April 15, 2010
This Devotional Has a Happy Ending
by John UpChurch, Editor, Jesus.org
Because of the loudness of my groaning
My bones cling to my flesh. (Psalm 102:5, NASB)
I hate sad endings. If I know a book or movie will turn out badly for the hero, you won't find it on my shelf. Thought-provoking, melancholy-but-hopeful, those endings I can do, but conclusions that resonate with increasing desperation or despair set my mind reeling for days. And I dislike the tumult.
I'd claim this is all because of some deep pathos I have, that the emotion gets to me. But the truth is much less glamorous: I just want things to turn out well. I'm an irrepressible optimist with a penchant for knowing how plots should be wrapped up. This is the reason you'll usually find me skimming the last chapter of a book first or waiting till others see a movie before I watch it. If I'm going to invest my time, I want the payoff to be satisfactory.
The Bible has some parts that cause a similar reaction—and even those I'd rather skip. For example, David wrote Psalm after Psalm detailing his suffering, his sinfulness, his anguish. Each one overflows with descriptions of his bones melting, his heart withering, or other bodily descriptions that could have come from Night of the Living Dead. Job must use potsherds to scratch his puss-filled sores after his children are crushed and ripped to pieces. Jeremiah gives us graphic descriptions of what became of Israel and spends an entire book lamenting his lost life, world, friends, you name it. Paul dedicates his life to ministry and ends up beaten, pummeled with stones, shipwrecked, wracked with pain, and ultimately killed. And then there's Jonah: a book that ends with a man despairing his own life because God didn't wipe out a city.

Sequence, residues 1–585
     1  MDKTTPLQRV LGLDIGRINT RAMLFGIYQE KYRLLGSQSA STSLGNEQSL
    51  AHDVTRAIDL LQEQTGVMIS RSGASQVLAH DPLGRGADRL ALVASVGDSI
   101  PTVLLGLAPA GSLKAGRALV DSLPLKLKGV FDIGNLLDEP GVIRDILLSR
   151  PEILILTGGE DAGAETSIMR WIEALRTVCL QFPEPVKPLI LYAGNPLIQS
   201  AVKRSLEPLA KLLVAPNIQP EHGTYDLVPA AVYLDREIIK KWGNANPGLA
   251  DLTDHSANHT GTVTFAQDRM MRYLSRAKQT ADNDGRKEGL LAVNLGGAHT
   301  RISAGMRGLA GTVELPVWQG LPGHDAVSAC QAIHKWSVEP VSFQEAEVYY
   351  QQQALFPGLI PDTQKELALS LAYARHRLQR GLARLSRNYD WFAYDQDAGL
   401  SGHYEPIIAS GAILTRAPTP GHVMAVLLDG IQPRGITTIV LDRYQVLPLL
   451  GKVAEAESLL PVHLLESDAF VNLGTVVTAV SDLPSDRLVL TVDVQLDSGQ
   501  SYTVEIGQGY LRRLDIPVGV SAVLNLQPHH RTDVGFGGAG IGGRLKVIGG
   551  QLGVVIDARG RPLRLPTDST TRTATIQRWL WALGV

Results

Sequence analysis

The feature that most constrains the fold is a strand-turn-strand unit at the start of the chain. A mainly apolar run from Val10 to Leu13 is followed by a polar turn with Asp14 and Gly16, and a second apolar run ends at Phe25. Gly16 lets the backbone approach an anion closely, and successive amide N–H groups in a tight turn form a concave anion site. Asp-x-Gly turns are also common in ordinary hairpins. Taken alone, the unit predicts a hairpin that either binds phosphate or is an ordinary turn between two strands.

Instead of pushing through all that, I'd rather read about the joy of the Lord, the teachings of Christ, the capturing of the Holy Land, and the happy Psalms. After all, the bad stuff in the Bible reminds me of the bad stuff in the present world. Perhaps I think that if I don't read it, it won't happen to me.
But, truthfully, no book of the Bible is without its thorns. The gospels (the "good news") include Christ's brutal death. The happier Psalms often point to the not-so-happy ones. The breakthrough of the Exodus comes with the sorrow of those who suffer for later disobedience.
Intersecting Faith & Life: Buried in each of those sad parts, however, are important lessons from the miry clay—lessons that wouldn't fit the happier times. If Jerusalem hadn't been destroyed, Jeremiah could never have written with such real understanding about the faithfulness of God in the worst of circumstances. David's intense pain produced a fertile ground for joy.
Despite my wishful thoughts to the contrary, not reading such accounts doesn't keep me from needing those lessons myself. The real happy ending is in knowing that I can count on the same God that David, Job, and Paul did—even when my own bones feel like they're melting.